These decomposition rules are intended to be replaced by a more powerful system in the future.

Compiler configuration

The compiler configuration JSON file (or JSON substructure) is expected to have the following structure:

    "architecture": <optional string, default "">,
    "dnu": <optional list of strings, default []>,
    "pass-options": <optional object, default {}>,
    "compatibility-mode": <optional boolean, default false>,
    "passes": [
        <pass description>

The optional "architecture" key may be used to make shorthands for architecture- specific passes, normally prefixed with "arch.<architecture>.". If it’s not specified or an empty string, no shorthand aliases are made.

The optional "dnu" key may be used to specify a list of do-not-use pass types (experimental passes, deprecated passes, or any other pass that’s considered unfit for “production” use) that you explicitly want to use, including the “dnu” namespace they are defined in. Once specified, you’ll be able to use the pass type without the "dnu" namespace element. For example, if you would include "dnu.whatever" in the list, the pass type "whatever" may be used to add the pass.

The optional "pass-options" key may be used to specify options common to all passes. The values may be booleans, integers, strings, or null, but nothing else. Null is used to reset an option to its hardcoded default value. An option need not exist for each pass affected by it; if it doesn’t, the default value is silently ignored for that pass. However, if it does exist, it must be a valid value for the option with that name. These option values propagate through the pass tree recursively, so setting a default option in the root using this record will affect all passes.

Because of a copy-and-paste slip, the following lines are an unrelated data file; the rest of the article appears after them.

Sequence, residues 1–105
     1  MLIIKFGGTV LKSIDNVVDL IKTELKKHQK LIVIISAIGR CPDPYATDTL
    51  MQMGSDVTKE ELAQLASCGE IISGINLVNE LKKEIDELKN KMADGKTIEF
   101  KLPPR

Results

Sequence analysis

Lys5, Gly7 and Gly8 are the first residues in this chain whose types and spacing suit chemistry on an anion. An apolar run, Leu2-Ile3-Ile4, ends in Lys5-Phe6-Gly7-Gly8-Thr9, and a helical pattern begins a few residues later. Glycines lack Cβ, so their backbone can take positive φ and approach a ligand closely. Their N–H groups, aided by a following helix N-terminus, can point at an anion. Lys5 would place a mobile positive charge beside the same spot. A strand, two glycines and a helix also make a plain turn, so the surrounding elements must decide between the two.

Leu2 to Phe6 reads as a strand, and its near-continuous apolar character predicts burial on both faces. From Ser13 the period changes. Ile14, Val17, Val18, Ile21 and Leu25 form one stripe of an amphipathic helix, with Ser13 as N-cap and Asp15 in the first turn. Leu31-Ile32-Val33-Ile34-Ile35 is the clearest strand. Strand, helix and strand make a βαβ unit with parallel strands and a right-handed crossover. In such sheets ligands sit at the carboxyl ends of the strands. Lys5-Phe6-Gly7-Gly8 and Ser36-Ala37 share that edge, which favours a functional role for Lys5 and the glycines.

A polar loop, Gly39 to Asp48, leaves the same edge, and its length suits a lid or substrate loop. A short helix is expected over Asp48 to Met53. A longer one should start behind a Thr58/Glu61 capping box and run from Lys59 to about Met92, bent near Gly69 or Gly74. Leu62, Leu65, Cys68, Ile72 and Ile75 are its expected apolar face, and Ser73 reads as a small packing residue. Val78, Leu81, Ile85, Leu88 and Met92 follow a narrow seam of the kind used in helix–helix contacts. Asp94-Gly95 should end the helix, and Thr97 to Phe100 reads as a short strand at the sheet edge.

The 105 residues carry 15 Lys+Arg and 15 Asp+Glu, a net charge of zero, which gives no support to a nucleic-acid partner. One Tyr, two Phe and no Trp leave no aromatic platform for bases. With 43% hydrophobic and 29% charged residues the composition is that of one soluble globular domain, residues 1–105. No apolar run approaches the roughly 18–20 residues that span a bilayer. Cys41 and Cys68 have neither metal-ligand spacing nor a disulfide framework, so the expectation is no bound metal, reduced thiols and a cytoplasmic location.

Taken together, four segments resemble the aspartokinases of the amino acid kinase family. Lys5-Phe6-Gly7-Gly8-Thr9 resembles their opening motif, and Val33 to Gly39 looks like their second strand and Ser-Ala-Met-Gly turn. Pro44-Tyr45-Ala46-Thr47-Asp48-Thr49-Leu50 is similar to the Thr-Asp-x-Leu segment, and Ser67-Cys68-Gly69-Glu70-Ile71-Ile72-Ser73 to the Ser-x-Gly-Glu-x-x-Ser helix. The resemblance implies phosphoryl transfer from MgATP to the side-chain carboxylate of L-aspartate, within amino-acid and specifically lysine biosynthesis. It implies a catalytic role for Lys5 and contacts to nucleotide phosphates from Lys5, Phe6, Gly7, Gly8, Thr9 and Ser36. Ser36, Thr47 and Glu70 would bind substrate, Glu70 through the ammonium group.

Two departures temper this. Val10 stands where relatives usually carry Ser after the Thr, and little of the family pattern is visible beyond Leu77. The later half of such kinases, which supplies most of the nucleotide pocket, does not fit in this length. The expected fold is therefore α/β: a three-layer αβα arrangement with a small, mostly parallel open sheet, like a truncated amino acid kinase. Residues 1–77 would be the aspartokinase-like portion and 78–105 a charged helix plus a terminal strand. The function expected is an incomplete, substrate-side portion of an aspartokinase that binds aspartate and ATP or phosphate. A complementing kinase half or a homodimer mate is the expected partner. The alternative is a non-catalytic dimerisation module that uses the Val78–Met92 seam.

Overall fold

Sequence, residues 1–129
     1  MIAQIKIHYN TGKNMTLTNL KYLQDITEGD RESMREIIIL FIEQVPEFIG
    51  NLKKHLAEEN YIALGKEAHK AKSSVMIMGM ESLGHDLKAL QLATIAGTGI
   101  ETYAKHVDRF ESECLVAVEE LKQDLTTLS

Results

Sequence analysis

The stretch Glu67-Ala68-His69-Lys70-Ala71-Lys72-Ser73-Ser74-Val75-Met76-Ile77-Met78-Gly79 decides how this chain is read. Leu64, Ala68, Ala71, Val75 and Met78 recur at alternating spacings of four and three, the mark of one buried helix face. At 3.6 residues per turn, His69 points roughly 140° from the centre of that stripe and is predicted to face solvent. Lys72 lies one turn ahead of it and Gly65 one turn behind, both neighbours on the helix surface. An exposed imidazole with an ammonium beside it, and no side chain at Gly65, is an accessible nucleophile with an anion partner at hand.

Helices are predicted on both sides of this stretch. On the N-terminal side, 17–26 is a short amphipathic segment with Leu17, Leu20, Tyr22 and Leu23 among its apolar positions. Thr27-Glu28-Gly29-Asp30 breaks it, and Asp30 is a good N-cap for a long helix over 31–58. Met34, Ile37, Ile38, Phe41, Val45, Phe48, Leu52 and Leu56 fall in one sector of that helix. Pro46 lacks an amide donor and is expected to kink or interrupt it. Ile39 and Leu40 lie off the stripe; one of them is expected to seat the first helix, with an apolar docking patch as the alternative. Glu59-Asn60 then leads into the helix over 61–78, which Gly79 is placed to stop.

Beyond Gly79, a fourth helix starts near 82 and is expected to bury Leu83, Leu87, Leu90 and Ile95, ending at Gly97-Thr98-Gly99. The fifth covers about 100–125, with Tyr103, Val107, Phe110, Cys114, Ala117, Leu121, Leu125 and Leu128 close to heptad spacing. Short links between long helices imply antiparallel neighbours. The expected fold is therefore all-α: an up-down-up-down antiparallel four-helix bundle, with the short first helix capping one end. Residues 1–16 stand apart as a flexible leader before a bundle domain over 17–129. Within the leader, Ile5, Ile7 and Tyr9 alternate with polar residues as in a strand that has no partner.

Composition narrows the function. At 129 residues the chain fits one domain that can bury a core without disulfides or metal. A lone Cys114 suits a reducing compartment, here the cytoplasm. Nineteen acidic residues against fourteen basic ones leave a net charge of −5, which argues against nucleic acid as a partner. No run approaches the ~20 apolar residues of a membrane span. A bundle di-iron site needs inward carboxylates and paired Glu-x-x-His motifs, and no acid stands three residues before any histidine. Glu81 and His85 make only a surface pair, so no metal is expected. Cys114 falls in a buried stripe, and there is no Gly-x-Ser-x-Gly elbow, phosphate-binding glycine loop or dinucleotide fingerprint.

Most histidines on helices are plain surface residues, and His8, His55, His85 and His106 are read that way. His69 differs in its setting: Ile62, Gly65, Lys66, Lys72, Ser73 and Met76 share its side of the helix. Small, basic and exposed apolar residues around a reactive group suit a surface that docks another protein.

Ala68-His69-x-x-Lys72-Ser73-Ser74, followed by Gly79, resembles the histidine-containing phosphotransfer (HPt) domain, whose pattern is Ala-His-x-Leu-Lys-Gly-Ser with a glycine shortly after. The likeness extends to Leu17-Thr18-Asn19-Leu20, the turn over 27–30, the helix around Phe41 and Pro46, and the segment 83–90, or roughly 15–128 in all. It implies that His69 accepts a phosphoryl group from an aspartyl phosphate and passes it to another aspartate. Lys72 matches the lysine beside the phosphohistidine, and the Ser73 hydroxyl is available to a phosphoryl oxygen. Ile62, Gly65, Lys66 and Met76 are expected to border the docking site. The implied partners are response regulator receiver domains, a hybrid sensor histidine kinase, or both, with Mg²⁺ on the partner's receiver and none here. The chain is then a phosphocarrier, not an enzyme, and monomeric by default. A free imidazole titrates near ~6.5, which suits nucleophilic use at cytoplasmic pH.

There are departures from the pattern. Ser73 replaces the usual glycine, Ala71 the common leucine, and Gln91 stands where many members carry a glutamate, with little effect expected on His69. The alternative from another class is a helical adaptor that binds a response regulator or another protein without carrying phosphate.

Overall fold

If "compatibility-mode" is enabled, some of OpenQL’s global options add implicit entries to the "pass-options" structure when set, for backward compatibility. However, entries in "pass-options" always take precedence. The logic for which options map to which is mostly documented in the global option docs now, since those options don’t do anything else anymore. Note that the global options by their original design have no way to specify what pass they refer to, so each option is attempted for each pass type! Which means we have to be a bit careful with picking option names for the passes that are included in compatibility mode.